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A radical thought about governance

This morning, I was reading the local (London) paper and saw an ad for a training class in governance for non-executive directors (affectionally called “NEDs” here). It set me thinking. Maybe dreaming is a better word.

What if:

  • Directors were required to take training classes in corporate governance?
  • The training had to be certified by a recognized authority as including guidance on all topics relevant to effective board and director performance (which would include topics dear to my heart such as the role of internal audit, oversight of strategy and risk management, executive compensation, responsibilities to the shareholders, etc.)?
  • Each year, the board was required to disclose that each of the directors had received the necessary and appropriate training to perform their duties, including training in corporate governance?
  • Boards had a code of governance that each director was required to sign annually?
  • Each year the board was required to disclose not only that assessments of performance had been performed at board, committee, and director levels, but what the results were?

Would this be beneficial, superficial, or a waste of time?

  1. June 17, 2011 at 6:48 AM

    I’m only sorry that this could be considered radical! Sadly, too many directors (private and public) believe that governance is little more than bright people using common sense. Most directors received more formal training to drive a car than they did to oversee the complex organizations they serve.

  2. Dawuda a
    June 17, 2011 at 12:32 PM

    Director training on the above issues raised would definitely bring about efficiency and effectiveness, thereby resulitng in higher organizational productivity and effective corporate governance practices.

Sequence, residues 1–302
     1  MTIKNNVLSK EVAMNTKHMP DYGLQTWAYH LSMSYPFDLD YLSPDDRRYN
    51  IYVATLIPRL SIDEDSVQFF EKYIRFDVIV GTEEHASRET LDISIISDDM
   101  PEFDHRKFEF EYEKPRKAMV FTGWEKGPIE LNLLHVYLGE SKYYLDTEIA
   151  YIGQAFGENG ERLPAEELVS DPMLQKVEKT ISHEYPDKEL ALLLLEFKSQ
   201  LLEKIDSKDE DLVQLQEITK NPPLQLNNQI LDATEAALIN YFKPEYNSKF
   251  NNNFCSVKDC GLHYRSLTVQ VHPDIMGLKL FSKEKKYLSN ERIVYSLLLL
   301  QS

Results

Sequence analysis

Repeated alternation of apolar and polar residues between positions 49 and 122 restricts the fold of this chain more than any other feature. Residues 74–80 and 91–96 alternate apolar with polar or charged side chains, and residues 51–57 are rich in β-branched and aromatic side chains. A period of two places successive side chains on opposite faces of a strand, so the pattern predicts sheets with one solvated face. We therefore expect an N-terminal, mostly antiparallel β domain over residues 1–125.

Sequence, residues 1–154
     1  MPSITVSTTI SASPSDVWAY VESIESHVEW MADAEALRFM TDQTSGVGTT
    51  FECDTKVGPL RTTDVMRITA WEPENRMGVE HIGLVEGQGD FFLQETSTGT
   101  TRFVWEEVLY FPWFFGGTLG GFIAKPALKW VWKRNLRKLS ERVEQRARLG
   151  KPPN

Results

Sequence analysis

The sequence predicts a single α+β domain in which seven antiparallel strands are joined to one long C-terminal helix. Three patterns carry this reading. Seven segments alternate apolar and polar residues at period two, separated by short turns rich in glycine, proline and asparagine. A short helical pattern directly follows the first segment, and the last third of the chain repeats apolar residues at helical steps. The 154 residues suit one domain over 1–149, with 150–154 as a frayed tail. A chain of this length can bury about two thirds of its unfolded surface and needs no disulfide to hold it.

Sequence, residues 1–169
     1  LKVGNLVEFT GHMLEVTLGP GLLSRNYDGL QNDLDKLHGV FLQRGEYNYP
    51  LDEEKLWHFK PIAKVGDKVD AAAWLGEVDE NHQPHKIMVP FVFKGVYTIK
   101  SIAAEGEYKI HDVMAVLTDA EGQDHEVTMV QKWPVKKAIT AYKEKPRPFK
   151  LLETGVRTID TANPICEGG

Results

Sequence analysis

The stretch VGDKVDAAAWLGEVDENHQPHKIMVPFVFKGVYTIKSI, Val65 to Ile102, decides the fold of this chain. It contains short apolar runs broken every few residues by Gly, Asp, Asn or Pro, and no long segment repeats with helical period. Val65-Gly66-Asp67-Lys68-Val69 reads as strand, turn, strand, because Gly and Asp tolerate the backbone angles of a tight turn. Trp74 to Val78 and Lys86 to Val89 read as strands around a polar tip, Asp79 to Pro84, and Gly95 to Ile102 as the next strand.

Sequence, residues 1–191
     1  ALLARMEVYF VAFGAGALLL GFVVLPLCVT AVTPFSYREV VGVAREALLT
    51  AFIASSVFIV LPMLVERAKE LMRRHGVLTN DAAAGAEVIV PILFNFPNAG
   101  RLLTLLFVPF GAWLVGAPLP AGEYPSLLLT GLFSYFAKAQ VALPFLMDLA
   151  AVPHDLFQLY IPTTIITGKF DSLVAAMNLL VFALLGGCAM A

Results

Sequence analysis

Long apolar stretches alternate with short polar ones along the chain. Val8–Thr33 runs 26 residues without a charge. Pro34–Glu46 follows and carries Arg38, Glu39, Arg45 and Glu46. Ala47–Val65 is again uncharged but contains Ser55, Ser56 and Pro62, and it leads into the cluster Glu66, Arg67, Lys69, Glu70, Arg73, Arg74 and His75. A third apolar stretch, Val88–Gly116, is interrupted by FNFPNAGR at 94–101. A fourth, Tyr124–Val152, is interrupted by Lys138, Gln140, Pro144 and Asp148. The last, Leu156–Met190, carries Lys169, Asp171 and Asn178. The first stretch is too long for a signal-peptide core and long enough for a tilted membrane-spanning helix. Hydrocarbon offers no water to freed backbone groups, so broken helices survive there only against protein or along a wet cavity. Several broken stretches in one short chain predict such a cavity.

3. Ck6
    June 17, 2011 at 12:51 PM

    I would think that any company would want to have an annual “Governance” session, and believe that most do (it might not be called that, but when the GC sits down with them and reviews the current state of governance theory – that is it).

    As for as formal training to qualify as a director – forget it in the US anyway. That just does not fit with the personalities who populate boards of directors in the United States. One could say – no training; no directorship – but the result would be a far inferior director population.

  4. Stephanie Koehn
    June 17, 2011 at 4:54 PM

    Best practice guidance produced by IIA-Australia recommends audit committee members participate in corporate governance training during the induction process (including a review of governance related practices, processes and results for their organisation) in addition to an annual update on best practices in corporate governance. In time, we hope this will be mandated.

  5. Mike Lotzof
    June 18, 2011 at 7:47 AM

    Mandatory training for Boards and Senior management in Governance should be a prerequisite.

    My concern is even in the companies that have this in place and attendance/completion is audited, the behaviours do not change in line with the knowledge.

    So a question I will post shortly, is “why doesn’t training stick?” we know, but we don’t act!

  6. June 24, 2011 at 10:44 AM

    Great comments! Its so crazy that HR require candidates for positions with their company to jump through some sometimes quite considerable hoops and have a litany of qualifications and relevant professional training – all good btw, yet those at the top of the heap are often under-qualified public schoolboys who are there purely because of who as opposed to what they know. This is especially true of NEDs in the UK. groan ;-(

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